Gartner: Oracle Offer Essentially Meaningless

GartnerGroup has weighed in on Oracle’s recent offer to pay $1 million if they can’t triple your Web site’s speed with their products. Gartner’s conclusion? The offer, while sounding legitimate on the surface, falls apart when looking at the details.

The offer, for users of Microsoft SQL Server and IBM’s DB2 databases, says that Oracle can make your Web site perform three times faster with Oracle 8i database and 9i application server than what you’re currently using. If it can’t, Oracle will pay you $1 million.

By faster, Oracle says on their Web site, “We mean that your web site will be able to support at least three times as many page views per second as your old IBM or Microsoft based web site.”

While that sounds good, digging into the offer’s legalese reveals significant limitations and conditions. There are 11 of these, which Gartner analyzes.

Condition 5, for example, says you must buy the products and services recommended by Oracle, which probably means converting your entire Web infrastructure. “First and foremost,” Gartner responds, “is [Oracle’s] stipulation that the production Web-hosting system -- not a parallel nonproduction benchmark environment -- be converted and provide the basis for measurement. This means risk of outage or disruption to the enterprise Web site, arising from the conversion process, even if the Oracle products function perfectly from day one.”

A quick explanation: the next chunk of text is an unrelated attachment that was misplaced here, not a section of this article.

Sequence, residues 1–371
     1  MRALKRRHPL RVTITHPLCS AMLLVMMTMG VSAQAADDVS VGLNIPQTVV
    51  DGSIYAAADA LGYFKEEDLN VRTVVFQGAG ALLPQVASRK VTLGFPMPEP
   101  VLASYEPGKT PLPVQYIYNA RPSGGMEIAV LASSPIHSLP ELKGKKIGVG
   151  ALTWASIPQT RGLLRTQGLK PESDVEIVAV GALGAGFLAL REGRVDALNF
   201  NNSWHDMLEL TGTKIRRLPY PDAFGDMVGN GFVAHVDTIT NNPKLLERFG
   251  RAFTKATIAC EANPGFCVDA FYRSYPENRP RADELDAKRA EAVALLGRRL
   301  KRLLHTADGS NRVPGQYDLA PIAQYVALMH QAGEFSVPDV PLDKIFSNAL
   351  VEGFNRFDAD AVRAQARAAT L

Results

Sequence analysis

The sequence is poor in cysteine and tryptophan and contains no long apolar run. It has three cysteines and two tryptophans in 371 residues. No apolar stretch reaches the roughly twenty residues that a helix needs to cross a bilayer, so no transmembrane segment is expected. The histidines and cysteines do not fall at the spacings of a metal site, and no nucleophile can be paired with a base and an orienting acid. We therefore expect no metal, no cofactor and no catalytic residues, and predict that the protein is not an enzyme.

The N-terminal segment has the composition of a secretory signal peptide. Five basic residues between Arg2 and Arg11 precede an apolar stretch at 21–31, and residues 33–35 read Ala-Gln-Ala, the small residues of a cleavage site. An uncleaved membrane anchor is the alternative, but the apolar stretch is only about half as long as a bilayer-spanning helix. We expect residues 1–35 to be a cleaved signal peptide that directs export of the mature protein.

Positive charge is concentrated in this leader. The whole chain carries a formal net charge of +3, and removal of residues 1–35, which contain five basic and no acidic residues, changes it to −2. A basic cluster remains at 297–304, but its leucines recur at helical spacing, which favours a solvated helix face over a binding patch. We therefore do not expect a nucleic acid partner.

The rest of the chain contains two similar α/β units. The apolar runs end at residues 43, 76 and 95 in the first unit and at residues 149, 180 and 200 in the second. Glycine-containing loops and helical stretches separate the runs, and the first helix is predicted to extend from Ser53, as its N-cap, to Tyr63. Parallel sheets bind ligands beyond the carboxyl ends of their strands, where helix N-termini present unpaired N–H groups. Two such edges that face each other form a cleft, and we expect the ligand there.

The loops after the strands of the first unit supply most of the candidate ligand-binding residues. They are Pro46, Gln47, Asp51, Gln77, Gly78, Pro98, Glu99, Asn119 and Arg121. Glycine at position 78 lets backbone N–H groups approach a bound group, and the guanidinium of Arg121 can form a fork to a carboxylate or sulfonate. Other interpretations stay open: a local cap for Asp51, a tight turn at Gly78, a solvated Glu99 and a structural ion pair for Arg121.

Gartner also contends that making all those changes -- again, mandated by Oracle -- could easily cost a mid-sized or large enterprise more than the $1 million offered as a prize. In addition, Oracle can change any of the conditions it wants at any time (condition 10), and Oracle keeps you from telling anyone about what happened if they fail, but lets them post your face all over their ads if they succeed (condition 11).

In short, Oracle has devised a “heads I win, tails you lose” proposition for Web sites. Gartner says that “clients should view the Oracle $1M guarantee as a publicity device - shrewd or gimmicky, depending on your point of view - rather than an indicator of enduring competitive advantage in website performance.”

What does Gartner think the long-lasting impact of the Oracle offer will be? Negligible. The report states that, “[b]y 31 January 2001, the time limit Oracle has set on its $1 million Web performance guarantee, the money will remain unpaid and the offer forgotten.” - Keith Ward

About the Author

Scott Bekker is editor in chief of Redmond Channel Partner magazine.


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